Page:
(OT) Car coolant question

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you what is wrong. It says the right bank is lean, or the left bank is rich, or the left bank front O2 sensor is slow, or reading low.. It is up to the mechanic to KNOW what will cause those problems. And how to find / eliminate the possibilities without throwing the parts department at it. Do you have a bad injector? or a vacuum leak? Or is the engine burning oil?
Or the scanner tells you you have an intermittent misfire. Or a misfire on cyl 5. What is causing the misfire? A bad plug, a bad wire, a bad coil, a vacuum leak, a bad injector, a bad valve? At least you know to look at #5 cyl, not 1, 2, 3, 4, or 6 (or 7 or 8) It is the combination of codes and/or other symptoms, together with the history of the vehicle, and knowing what goes wrong on certain vehicles.
You did not have that ability on the older cars - Yes, you could hook a scope to it - and if you knew how to read both the primary and secondary patterns, the vacuum guage, the dynamic compression test, etc it COULD give you most of the information. But not everyone had the money and space to have an analyzer scope. Every DIY shadetree mechanic can afford a basic OBD2 scanner, and it will fit in the glove compartment (or even the ash tray)
The mid-year stuff - electronic controls but pre 1996 (pre OBD2) every vehicle needed it's own specific scan tester - some gave lots of good information, and others were almost useless. Some would blink the CEL when you connected the right combination of pins/wires on the test plug to spell out the code.
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In trying to fix a 1995 olds with OBD 1.5 , had troubles. First was question on reading the computer. Later found it faulty, replaced with junk yard $35 unit. I had trouble trying reading first computer as well as shops. Intermittent problem giving codes. Sure the intake gaskets first needed replaced. Intermittent. Giving crank sensor codes. Still problem. Turned out to be intermittent spark control module. The sensors go to the spark control module.
I bought OBD 1.5 USB plug in, but had trouble communication. Never got to test again after computer was replaced. Shop took over.
Pre 1995 gm vehicles had less computer info. To add confusion, there was more than one version of OBD 1.5
Greg
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wrote:

Actually, I could read MORE information from my 1988 Chrysler and 1990 Aerostar than I can get off the new OBD2 vehicles - but it was raw data that I had to interpret by myself. I could read the value of every sensor - but the scanner had no idea what was correct, or within range, so it didn't give a code saying "check this"

non-standards that were machine specific that fell loosely into OBD1 - then there was draft OBD2 or what we in the trade called "pre-2" - basically just GM trying to get a jump on the technology, then OBD2. Anything before the full OBD2 of 1996 was a bit hit or miss. My Auto X Ray scanner has 5 lead kits -OBD2,OBD2 manufacturer specific, GM, Ford and Chrysler. Each of the imports had their own "flavour" as well - I didn't bother buying any of them The "manufacturer specific" was for 1995 GM vehicles with OBD2 plugs that were not fully OBD2 compliant.
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Good vid for tech geeks. What, a couple hours reading meters, flowcharts, schematics, tracing wires, thinking, speculating, thinking. All to find an obviously hosed wiring harness that should have been evident after about 10 minutes of inspection. That's what I do first with all electrical faults, unless experience tells me otherwise. Especially if I see a leaky valve cover gasket has soaked a harness with oil. BTW, you can throw a cam sensor, crank sensor and TPS at that engine for less than $75, and about an hour labor. Not saying do that, but it's a viable strategy for a DIY'er. All these sensors and other electrical components degrade over time, so new is usually best. My wife's Lumina 3100 just threw a PO300, was chugging when hot, and she smelled hot metal. BTDT with other 3100's. Bad coil or spark module. Didn't even consider finding out which coil pack, or if it was the spark module. Put all new in. Done, finished. I can't believe he even considered replacing the ECU without checking the wiring first. He probably knew the harness was bad earlier than he said but held that so he'd have a good vid. Probably too good to make that mistake. But his purpose is to show scanner troubleshooting, whether it's needed or not. Good catch for geeks knowing the ECU sources 12v to cam and crank on a shared circuit. But that engine is basically a no-brainer for a moderately competent DIYer since parts are cheap to throw at it. Anything but an ECU fault or a hidden harness short is no big deal.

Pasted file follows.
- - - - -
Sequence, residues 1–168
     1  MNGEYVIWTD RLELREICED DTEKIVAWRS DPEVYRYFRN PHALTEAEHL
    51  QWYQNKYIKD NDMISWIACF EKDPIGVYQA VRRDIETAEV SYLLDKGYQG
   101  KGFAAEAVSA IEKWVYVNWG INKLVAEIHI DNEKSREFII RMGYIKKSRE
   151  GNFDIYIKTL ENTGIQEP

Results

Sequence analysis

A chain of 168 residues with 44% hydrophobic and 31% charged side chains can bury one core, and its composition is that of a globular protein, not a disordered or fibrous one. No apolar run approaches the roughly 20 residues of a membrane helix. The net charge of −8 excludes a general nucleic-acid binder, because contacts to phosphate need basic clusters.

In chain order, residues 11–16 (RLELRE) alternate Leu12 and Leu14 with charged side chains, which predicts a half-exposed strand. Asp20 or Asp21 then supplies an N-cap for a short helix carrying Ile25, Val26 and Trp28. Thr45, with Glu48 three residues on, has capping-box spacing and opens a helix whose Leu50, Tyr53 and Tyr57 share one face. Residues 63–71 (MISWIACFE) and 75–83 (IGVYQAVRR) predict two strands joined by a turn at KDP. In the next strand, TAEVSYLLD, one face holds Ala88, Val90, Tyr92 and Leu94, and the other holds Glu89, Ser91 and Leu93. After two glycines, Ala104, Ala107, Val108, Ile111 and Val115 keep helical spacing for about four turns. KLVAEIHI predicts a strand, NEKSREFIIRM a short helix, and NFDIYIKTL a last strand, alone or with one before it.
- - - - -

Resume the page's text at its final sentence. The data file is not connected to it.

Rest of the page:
That's why I think the guy making the vid didn't charge for all the "diagnostic" time he put into it. ODB codes are great, and either pinpoint the problem, or give you a starting point

And which "real" car can't suffer degraded wiring due to neglecting an oil leak?
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<<...snipped...>

What engine does your Caprice have? I think by 89 the 305 and 350 had both been switch to TBI but maybe a 307 was still available with a carb.
--
There are no stupid questions, but there are lots of stupid answers.

Larry Wasserman - Baltimore Maryland - lwasserm(a)sdf. lonestar. org
  Click to see the full signature.
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On Wed, 30 Jan 2013 23:01:23 +0000 (UTC), snipped-for-privacy@sdf.lNoOnSePsAtMar.org (Larry W) wrote:

It's the 307 Olds engine. The body is a station wagon, and they seem to have always used those engines in the wagons. Station wagons are hard to find anymore, so I try to keep it in good shape. I've been offerred some pretty good money for it, but I'd rather keep it since it's so reliable, and I like the STW body. This was the last year they had a carb. It has some electronics in the carb, there are 2 plugs on it. Before this one, I had an 86 Olds STW. The body was almost identical, the engine was the same, except only one elec. plug on the carb. I still have that car for parts, but had to quit driving it when the frame broke and was too rusty to weld, not to mention the tranny was dying. The engine in that one still ran well, and aside from taking the electronic ign module off of it, and the starter, it's still complete.